Saturday, April 13, 2002

Before I begin the body of this post, I'd like to say that I really like Empire Earth. The game does a remarkably good job of creating the impressionistic feel of historical combat - I say impressionistic because this is a game, like most RTS's, that is about as close to real combat as chess (yes, I'm aware of the fact that chess was supposed to simulate combat. That's the point). I am very fond of the idea of unit relationships: very fun, and I daresay very much in line with the calculating spirit of a genre that is essentially twentieth century chess. I would like to see the following ideas implemented, however:

1). Alternate weapons. I can think of very few military units throughout history that have been effectively armed with a single offensive weapon (e.g., Macedonian phalangites and - I would argue - modern infantry regulars). The idea of unit relationships could be made infinitely more nuanced if units had multiple attack types appropriate to their historical archetypes, and if it took time to switch between them. Napoleonic infantry should be able to fix bayonets and thereby resist a cavalry charge - but be made vulnerable to enemy infantry. Archers should be forced to use a secondary melee weapon when attacking at point blank range, thereby giving you an actual reason to charge them with - and to protect them from contact with - melee infantry. Tanks should have three - yes, three! - attack types: armor-piercing shells for engaging other armored targets, high explosive shells for engaging buildings and soft targets, and machine guns (good Lord, did somebody suggest putting machine guns on tanks?) for engaging infantry. (And as long as we're talking about machine guns, just once I would like to see a machine gun in a computer game that is more powerful than an assault rifle, with a longer range, better accuracy, and higher sustained rate of fire. To judge by most games, EE included, you'd think there was some sort of physical law that said there's an inverse relationship between projectile power and rate of fire). The list goes on and on. But wouldn't that mean that virtually anything could be conceivably countered by anything, you ask? Why yes, it would ... but before you go saying that's too complicated for today's gamers, ask yourself if the same statement applies to StarCraft.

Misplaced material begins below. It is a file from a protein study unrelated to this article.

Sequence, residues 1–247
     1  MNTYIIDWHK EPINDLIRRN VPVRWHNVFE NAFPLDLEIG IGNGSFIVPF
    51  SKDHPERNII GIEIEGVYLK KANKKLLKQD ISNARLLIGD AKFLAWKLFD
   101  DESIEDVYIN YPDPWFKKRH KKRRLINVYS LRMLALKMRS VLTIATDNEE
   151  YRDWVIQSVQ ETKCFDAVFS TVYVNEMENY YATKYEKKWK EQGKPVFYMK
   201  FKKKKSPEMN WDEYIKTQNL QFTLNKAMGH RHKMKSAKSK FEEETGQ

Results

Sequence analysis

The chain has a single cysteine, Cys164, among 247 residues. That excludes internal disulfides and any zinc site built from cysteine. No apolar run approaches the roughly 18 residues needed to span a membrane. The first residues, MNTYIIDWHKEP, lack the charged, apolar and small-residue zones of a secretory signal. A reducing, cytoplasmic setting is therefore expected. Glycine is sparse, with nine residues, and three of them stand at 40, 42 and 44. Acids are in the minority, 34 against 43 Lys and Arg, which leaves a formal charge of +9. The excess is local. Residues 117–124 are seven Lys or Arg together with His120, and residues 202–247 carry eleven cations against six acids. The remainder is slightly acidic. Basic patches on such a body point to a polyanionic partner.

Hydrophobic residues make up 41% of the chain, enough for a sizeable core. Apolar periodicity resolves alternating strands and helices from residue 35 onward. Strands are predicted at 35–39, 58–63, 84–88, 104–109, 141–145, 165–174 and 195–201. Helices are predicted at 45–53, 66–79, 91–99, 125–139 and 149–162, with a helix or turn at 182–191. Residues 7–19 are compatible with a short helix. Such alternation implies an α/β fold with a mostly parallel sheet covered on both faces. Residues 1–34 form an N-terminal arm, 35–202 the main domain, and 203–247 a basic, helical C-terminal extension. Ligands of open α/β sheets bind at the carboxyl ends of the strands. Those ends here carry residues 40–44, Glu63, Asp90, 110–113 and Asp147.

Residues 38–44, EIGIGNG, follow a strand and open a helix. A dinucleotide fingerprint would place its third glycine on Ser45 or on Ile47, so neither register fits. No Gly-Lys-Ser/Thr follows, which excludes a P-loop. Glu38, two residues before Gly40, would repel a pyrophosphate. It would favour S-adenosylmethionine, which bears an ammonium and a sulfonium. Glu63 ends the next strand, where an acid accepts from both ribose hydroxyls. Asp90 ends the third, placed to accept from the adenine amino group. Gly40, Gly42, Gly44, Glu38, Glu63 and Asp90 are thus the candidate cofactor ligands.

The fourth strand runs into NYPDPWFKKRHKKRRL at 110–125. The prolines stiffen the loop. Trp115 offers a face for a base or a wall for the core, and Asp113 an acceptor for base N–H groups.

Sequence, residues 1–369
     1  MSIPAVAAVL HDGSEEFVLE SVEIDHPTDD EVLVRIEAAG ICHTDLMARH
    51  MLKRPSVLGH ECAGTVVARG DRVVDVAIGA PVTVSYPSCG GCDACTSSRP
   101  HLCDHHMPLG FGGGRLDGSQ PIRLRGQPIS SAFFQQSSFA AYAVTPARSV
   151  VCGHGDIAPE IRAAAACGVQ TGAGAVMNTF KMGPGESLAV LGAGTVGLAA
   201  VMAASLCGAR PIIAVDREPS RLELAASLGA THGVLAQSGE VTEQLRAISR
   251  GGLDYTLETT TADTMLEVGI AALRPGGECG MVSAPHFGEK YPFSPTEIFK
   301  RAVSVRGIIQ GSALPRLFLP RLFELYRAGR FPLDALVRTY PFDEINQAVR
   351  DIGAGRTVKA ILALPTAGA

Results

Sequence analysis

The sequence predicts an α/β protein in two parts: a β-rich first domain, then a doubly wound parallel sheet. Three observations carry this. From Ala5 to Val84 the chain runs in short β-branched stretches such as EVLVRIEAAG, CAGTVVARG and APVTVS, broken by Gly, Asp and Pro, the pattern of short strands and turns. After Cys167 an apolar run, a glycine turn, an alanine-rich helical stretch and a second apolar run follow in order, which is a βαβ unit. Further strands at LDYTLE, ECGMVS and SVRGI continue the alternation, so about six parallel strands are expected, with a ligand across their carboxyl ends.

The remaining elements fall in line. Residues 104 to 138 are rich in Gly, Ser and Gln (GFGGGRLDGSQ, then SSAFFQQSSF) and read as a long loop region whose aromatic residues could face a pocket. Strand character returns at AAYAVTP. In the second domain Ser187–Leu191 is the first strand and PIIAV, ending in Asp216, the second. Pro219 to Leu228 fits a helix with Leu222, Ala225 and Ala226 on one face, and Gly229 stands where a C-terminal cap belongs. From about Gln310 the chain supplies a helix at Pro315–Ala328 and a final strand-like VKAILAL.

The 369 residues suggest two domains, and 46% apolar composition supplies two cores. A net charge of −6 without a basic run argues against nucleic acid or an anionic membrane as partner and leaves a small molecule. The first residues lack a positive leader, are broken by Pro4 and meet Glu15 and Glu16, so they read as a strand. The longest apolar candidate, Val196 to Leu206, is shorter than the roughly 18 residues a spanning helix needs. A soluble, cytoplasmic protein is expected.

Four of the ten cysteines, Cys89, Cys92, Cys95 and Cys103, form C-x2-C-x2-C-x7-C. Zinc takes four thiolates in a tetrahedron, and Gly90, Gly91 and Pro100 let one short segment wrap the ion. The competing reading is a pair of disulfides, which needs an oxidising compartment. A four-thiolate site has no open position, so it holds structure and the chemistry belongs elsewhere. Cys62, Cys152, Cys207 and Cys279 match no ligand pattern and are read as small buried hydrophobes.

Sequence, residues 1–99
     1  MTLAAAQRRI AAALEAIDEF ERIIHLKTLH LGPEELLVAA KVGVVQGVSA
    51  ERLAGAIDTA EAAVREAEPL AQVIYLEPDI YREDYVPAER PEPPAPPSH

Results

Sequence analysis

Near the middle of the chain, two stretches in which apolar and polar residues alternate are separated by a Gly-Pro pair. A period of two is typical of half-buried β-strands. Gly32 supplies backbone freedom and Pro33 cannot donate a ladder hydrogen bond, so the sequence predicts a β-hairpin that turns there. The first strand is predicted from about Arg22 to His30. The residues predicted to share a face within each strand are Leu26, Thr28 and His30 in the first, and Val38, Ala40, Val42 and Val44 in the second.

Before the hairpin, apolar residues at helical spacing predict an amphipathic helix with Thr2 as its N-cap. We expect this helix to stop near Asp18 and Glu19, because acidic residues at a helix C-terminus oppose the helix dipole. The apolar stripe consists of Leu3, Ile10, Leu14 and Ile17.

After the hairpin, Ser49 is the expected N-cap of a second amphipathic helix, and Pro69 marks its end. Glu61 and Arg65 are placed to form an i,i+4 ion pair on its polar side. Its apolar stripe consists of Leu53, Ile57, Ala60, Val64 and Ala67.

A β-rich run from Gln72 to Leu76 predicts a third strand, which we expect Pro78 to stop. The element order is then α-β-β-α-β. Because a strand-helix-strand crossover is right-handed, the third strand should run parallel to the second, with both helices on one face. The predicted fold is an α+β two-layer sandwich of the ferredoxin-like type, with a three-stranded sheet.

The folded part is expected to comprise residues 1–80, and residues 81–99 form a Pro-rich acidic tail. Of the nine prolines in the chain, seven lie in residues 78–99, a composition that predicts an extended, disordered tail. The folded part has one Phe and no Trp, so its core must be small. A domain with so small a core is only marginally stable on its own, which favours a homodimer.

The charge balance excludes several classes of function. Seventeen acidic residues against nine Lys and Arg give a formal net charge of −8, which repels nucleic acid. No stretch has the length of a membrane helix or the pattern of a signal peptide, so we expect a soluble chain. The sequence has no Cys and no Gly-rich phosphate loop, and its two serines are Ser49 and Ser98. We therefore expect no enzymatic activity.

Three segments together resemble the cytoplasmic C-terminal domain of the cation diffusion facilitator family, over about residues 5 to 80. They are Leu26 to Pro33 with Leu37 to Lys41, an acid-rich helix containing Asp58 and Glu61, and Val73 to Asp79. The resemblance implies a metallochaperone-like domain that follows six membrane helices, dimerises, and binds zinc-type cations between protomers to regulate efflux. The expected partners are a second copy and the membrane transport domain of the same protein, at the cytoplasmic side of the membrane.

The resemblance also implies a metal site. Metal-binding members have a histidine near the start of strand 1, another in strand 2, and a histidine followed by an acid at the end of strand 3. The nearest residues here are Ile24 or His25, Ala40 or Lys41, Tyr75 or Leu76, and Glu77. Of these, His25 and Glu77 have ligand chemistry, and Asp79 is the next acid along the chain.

2). Unit experience. One of the coolest things about LucasArts' Force Commander was the way they handled upgrading equipment. If you gave a rookie crew a top-of-the-line AT-ST with all the latest upgrade packages, they performed somewhat better than if you had given them a walker with no upgrade packages, but not much better. However, if you moved a crack crew from their stock walker to one with all the latest bells and whistles, you could really see the difference. I think this is a very cool way of saying "the machinery counts, but it's the men who push it to its full potential." That idea - that upgrades become more worth it the better your men are - is so cool that I count it a grave injustice that it was only implemented in Force Commander.

With that little rant out of the way, I'd like to move on to what I intended this post to be about. It's one of my favorite subjects and likely one of yours, too: girls. More specifically, dating girls.